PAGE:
Business

Relational marketing for Federal Way businesses | Kelly Maloney

In a tight-knit community such as Federal Way, there’s an element of marketing that is essential to how your organization is perceived, oftentimes having a corollary effect on your bottom line.

It includes engaging in three separate and distinct activities at once: Networking, community service and local marketing.

Each of these terms stand up on its own merit. Networking is an understood aspect of business decorum that, if done right, can play an integral part in an organization’s success. It’s not schmoozing, it’s relating. I recommend practicing your exit strategy for times when you run into a schmoozer. You are just wasting your time trying to build a professional relationship that matters with someone who is only looking for the next sale or the next rung up the ladder.

Those who engage in community service are those who have an active and heartfelt interest in helping the community through good works and through donations or sponsorships. These people can be from the business community or individuals, but they hold within themselves the desire to help others.

Local marketing is thought of as businesses that conduct some sort of promotional activity, such as advertising, that is specific to their locale.

There isn’t a word (that I’m aware of) that describes when businesses adopt all of these behaviors at once. If anything, I’d put it in the “relational marketing” category. Relational marketing is one aspect of building brand loyalty — and building a long-term relationship between the organization and the audience.

In Federal Way, there’s almost an expectation that business representatives will be involved in the community by volunteering or financially supporting much-needed services and programs. The humanitarian side of all this is, for most of the businesses I’ve encountered that go out of their way to shore up the community: It comes more from their belief systems or mission statements than from a marketing “angle.”

Sure, sometimes it’s enough to just show up at business functions or run an ad in the paper, but not often. I know people who do this. The focus is usually on them, not their customers or the broader community. Organizations might have an exciting offering that gets people talking and results in some immediate sales. But it probably won’t have a lasting effect on their bottom line because they haven’t truly invested in what makes a small community come together.

Happily, I can think of dozens of entities that engage in the broader narrative of helping those in need while they simultaneously engage in networking and local marketing. I’ll focus on a handful.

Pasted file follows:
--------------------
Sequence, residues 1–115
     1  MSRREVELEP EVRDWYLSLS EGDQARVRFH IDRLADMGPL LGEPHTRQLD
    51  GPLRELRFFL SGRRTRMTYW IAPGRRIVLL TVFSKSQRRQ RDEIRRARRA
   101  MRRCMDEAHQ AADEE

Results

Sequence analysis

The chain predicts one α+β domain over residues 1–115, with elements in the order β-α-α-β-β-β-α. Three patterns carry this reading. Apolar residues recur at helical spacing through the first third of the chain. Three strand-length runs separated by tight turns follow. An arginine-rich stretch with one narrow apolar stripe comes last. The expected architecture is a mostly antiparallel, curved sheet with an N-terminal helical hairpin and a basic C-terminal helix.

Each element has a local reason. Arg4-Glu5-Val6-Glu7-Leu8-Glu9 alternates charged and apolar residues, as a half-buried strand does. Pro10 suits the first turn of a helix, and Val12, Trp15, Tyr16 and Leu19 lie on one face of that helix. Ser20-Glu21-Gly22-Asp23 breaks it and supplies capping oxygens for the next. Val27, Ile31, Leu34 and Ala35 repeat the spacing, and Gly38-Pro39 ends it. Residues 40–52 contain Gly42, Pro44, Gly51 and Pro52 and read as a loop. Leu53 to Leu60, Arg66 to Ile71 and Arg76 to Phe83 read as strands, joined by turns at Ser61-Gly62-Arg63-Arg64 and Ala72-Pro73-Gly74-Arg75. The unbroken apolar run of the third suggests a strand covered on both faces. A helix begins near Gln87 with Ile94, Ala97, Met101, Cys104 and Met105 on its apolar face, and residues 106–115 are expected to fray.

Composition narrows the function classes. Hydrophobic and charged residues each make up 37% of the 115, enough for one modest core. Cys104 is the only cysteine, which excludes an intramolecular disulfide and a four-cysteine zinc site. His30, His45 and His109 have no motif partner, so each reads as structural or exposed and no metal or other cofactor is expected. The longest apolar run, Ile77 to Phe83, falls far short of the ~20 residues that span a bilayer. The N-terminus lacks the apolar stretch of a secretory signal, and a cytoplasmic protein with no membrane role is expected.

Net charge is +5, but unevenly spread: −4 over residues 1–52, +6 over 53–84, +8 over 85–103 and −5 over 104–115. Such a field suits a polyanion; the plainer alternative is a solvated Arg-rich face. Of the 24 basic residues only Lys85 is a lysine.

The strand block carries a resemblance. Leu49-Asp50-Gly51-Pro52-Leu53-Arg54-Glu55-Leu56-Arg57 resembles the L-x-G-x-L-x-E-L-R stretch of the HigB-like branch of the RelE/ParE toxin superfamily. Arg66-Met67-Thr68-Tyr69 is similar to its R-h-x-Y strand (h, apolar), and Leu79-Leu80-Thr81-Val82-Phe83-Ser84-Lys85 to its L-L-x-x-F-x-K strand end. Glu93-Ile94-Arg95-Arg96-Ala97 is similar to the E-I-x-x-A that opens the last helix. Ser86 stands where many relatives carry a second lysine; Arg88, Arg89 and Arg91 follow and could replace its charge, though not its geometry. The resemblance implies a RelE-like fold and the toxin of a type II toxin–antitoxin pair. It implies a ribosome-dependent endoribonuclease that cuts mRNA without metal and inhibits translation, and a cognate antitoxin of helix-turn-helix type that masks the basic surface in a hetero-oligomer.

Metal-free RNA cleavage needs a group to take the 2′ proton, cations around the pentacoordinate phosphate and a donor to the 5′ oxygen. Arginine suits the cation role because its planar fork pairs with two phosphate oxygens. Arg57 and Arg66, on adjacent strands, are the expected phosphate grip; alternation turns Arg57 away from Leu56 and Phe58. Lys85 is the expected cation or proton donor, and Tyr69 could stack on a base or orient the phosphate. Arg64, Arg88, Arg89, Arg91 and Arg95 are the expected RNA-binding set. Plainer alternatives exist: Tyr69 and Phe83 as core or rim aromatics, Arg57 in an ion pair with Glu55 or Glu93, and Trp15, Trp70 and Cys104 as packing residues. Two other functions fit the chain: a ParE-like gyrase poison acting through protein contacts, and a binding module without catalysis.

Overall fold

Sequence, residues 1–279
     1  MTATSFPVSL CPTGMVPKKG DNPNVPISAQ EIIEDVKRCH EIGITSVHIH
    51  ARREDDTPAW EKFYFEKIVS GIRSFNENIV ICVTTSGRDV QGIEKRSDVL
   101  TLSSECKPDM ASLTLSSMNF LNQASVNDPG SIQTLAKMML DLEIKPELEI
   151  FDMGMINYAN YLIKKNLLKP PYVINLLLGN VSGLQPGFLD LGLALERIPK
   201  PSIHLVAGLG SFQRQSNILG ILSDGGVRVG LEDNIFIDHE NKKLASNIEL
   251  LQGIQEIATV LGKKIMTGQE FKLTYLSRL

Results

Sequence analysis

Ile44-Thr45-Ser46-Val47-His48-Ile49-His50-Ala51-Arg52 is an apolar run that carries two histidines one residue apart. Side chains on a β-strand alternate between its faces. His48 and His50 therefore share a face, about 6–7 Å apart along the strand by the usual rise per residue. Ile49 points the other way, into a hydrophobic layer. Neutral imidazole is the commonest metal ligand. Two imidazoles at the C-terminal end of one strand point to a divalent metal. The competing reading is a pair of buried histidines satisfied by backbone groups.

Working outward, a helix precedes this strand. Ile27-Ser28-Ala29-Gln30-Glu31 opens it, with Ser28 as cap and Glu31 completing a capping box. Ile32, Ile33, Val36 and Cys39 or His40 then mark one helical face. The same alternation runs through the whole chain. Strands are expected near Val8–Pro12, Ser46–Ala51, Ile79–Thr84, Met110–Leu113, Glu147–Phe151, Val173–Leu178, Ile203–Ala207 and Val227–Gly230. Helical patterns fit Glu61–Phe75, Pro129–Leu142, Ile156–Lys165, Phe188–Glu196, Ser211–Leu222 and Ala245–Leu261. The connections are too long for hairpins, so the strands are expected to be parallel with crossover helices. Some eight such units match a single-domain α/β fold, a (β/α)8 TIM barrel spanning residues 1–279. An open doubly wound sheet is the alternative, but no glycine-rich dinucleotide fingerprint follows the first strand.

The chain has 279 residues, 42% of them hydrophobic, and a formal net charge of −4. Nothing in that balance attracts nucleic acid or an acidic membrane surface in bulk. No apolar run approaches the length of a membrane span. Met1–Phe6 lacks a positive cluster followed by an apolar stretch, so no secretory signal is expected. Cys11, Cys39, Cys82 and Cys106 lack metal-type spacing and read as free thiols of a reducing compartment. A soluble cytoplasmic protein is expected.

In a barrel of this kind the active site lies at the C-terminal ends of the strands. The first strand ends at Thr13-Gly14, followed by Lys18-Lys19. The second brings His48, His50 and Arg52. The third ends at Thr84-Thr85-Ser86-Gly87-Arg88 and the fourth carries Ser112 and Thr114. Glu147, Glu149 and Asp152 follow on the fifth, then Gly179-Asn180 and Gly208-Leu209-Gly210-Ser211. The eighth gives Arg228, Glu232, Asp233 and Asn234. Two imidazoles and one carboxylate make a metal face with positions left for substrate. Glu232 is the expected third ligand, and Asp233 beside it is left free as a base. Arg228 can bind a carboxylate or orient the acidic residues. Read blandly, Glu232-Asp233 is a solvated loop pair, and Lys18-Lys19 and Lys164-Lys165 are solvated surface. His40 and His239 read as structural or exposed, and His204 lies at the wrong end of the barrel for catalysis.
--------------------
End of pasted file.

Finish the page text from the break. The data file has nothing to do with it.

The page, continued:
Highline Community College (HCC) is a publicly funded institution of higher education that sits in our backyard. For a short while, they had an extension of learning in Federal Way that recently had to be closed due to the state’s budget crisis.

I have an insider’s view to the commitment Highline has to the community, as I am a former employee. For longer than I can remember, Highline has been active in the Federal Way community, supporting local causes through sponsorships and volunteering. They have representatives on local boards, in civic organizations, and in business networking groups, the most active of whom I believe is Lisa Skari, vice president of institutional advancement. HCC has forged strong bonds with Federal Way’s K-12 administrators through collaborative efforts aimed at keeping kids in school and moving them toward either college pursuits or vocational endeavors.

There is a small sole proprietorship that deserves mention: Evergreen Service and Repair, owned and operated by Brian Ailinger. Evergreen’s tag line “What do you need done?” succinctly sums up his business offerings. Brian has devoted many of his work hours and much of his free time (which isn’t a lot) to giving back to the community. I would list all the good works he’s done over the years, and the organizations that have benefitted from his positive attitude and giving spirit, but remember, I have space limitations.

Byron Hiller of Coldwell Banker is yet another business representative who gives his time to provide much needed support for various charities. A busy commercial real estate agent, Byron can frequently be found working side-by-side with Brian for those in need.

There are a number of banks in Federal Way, but none that extends itself to help the community more than Sterling Savings Bank, with numerous representatives spread across the community volunteering and sponsoring events and activities. One such representative is Dan Bogart, vice president/commercial banker for Sterling, a soft-spoken, kind person who proves the point that people make up organizations — and it’s the people that make a difference.

Relational marketing is about networking, it is about community service, and it is about local marketing. Combined, these activities can increase an organization’s star power, setting it above others for Top of Mind Awareness (TOMA). But, above all else, relational marketing is indicative of the commitment an organization has to its community.

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